Isle of Man
The Isle of Man, known simply as Mann, is a self-governing crown dependency in the Irish Sea between England and Northern Ireland. The head of state is Queen Elizabeth II, who holds the title of Lord of Mann, the Lord of Mann is represented by a Lieutenant Governor. Foreign relations and defence are the responsibility of the British Government, the island has been inhabited since before 6500 BC. Gaelic cultural influence began in the 5th century and the Manx language, in 627, Edwin of Northumbria conquered the Isle of Man along with most of Mercia. In the 9th century, Norsemen established the Kingdom of the Isles, magnus III, King of Norway, was known as King of Mann and the Isles between 1099 and 1103. In 1266, the became part of Scotland under the Treaty of Perth. After a period of alternating rule by the kings of Scotland and England, the short form often used in English, Mann, is derived from the Manx Mannin, though sometimes the name is written as Man. The earliest recorded Manx form of the name is Manu or Mana, the Old Irish form of the name is Manau or Mano.
Old Welsh records named it as Manaw, reflected in Manaw Gododdin, the name for an ancient district in north Britain along the lower Firth of Forth. The oldest known reference to the calls it Mona, in Latin, in the 1st century CE, Pliny the Elder records it as Monapia or Monabia. Later Latin references have Mevania or Mænavia, and Eubonia or Eumonia by Irish writers and it is found in the Sagas of Icelanders as Mön. The name is cognate with the Welsh name of the island of Anglesey, Ynys Môn, usually derived from a Celtic word for mountain. The name was at least secondarily associated with that of Manannán mac Lir in Irish mythology, later, a Manannán is recorded as the first king of Mann in a Manx poem. The island was cut off from the islands around 8000 BC. The first residents were hunter gatherers and fishermen, examples of their tools are kept at the Manx Museum. There were the local Ronaldsway and Bann cultures, during the Bronze Age, burial mounds became smaller. Bodies were put in stone-lined graves with ornamental containers, the Bronze Age burial mounds created long-lasting markers around the countryside.
The ancient Romans knew of the island and called it Insula Manavia although it is whether they conquered the island
Russia, officially the Russian Federation, is a country in Eurasia. The European western part of the country is more populated and urbanised than the eastern. Russias capital Moscow is one of the largest cities in the world, other urban centers include Saint Petersburg, Yekaterinburg, Nizhny Novgorod. Extending across the entirety of Northern Asia and much of Eastern Europe, Russia spans eleven time zones and incorporates a range of environments. It shares maritime borders with Japan by the Sea of Okhotsk, the East Slavs emerged as a recognizable group in Europe between the 3rd and 8th centuries AD. Founded and ruled by a Varangian warrior elite and their descendants, in 988 it adopted Orthodox Christianity from the Byzantine Empire, beginning the synthesis of Byzantine and Slavic cultures that defined Russian culture for the next millennium. Rus ultimately disintegrated into a number of states, most of the Rus lands were overrun by the Mongol invasion. The Soviet Union played a role in the Allied victory in World War II.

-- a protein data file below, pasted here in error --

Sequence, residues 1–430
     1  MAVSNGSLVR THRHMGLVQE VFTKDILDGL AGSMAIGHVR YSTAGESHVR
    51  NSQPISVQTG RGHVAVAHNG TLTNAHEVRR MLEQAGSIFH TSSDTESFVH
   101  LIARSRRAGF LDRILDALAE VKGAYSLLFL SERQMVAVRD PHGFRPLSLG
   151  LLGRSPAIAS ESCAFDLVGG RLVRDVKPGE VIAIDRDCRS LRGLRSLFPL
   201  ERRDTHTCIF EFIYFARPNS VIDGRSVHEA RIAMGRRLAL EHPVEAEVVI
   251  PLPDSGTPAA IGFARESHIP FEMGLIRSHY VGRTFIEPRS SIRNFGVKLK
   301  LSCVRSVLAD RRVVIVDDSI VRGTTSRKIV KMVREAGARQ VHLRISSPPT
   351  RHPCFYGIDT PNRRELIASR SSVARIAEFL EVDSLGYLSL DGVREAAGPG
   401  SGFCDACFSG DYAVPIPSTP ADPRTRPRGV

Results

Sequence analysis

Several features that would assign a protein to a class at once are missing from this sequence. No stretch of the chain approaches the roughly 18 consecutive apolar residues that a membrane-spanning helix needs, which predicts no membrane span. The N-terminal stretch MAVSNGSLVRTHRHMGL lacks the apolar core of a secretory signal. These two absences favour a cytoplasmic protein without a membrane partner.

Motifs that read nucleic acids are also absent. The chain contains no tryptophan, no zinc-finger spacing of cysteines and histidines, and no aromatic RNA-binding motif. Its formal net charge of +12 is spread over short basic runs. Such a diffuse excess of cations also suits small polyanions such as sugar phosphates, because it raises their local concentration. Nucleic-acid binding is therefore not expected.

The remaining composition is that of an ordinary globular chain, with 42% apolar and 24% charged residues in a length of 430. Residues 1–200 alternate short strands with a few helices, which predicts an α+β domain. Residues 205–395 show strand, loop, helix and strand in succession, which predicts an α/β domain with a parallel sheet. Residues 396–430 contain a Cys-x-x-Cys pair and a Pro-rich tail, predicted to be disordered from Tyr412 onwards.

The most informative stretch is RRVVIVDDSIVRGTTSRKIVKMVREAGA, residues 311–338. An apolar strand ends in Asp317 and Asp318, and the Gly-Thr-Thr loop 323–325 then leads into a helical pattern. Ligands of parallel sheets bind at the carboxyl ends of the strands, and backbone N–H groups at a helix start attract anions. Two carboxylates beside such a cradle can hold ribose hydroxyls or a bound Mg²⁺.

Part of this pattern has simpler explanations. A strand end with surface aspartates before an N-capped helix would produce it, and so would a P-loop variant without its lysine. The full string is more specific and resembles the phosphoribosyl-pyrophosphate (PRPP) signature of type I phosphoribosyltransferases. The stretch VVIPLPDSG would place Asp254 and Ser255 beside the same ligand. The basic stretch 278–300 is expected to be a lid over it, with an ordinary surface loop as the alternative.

The Soviet era saw some of the most significant technological achievements of the 20th century, including the worlds first human-made satellite and the launching of the first humans in space. By the end of 1990, the Soviet Union had the second largest economy, largest standing military in the world. It is governed as a federal semi-presidential republic, the Russian economy ranks as the twelfth largest by nominal GDP and sixth largest by purchasing power parity in 2015. Russias extensive mineral and energy resources are the largest such reserves in the world, making it one of the producers of oil. The country is one of the five recognized nuclear weapons states and possesses the largest stockpile of weapons of mass destruction, Russia is a great power as well as a regional power and has been characterised as a potential superpower. The name Russia is derived from Rus, a state populated mostly by the East Slavs. However, this name became more prominent in the history, and the country typically was called by its inhabitants Русская Земля.
In order to distinguish this state from other states derived from it, it is denoted as Kievan Rus by modern historiography, an old Latin version of the name Rus was Ruthenia, mostly applied to the western and southern regions of Rus that were adjacent to Catholic Europe. The current name of the country, Россия, comes from the Byzantine Greek designation of the Kievan Rus, the standard way to refer to citizens of Russia is Russians in English and rossiyane in Russian. There are two Russian words which are translated into English as Russians
Guernsey is a jurisdiction within the Bailiwick of Guernsey, a Crown dependency. The jurisdiction is not part of the United Kingdom, however and most foreign relations are handled by the British Government. Taken together with the jurisdictions of Alderney and Sark it forms the Bailiwick of Guernsey. The two Bailiwicks of Guernsey and Jersey together form the geographical grouping known as the Channel Islands, the name Guernsey, as well as that of neighbouring Jersey, is of Old Norse origin. The second element of word, -ey, is the Old Norse for island, while the original root, guern, is of uncertain origin. Around 6000 BC, rising seas created the English Channel and separated the Norman promontories that became the bailiwicks of Guernsey and Jersey from continental Europe, neolithic farmers settled on its coast and built the dolmens and menhirs found in the islands today. During their migration to Brittany, Britons occupied the Lenur islands including Sarnia or Lisia and Angia, travelling from the Kingdom of Gwent, Saint Sampson, the abbot of Dol in Brittany, is credited with the introduction of Christianity to Guernsey.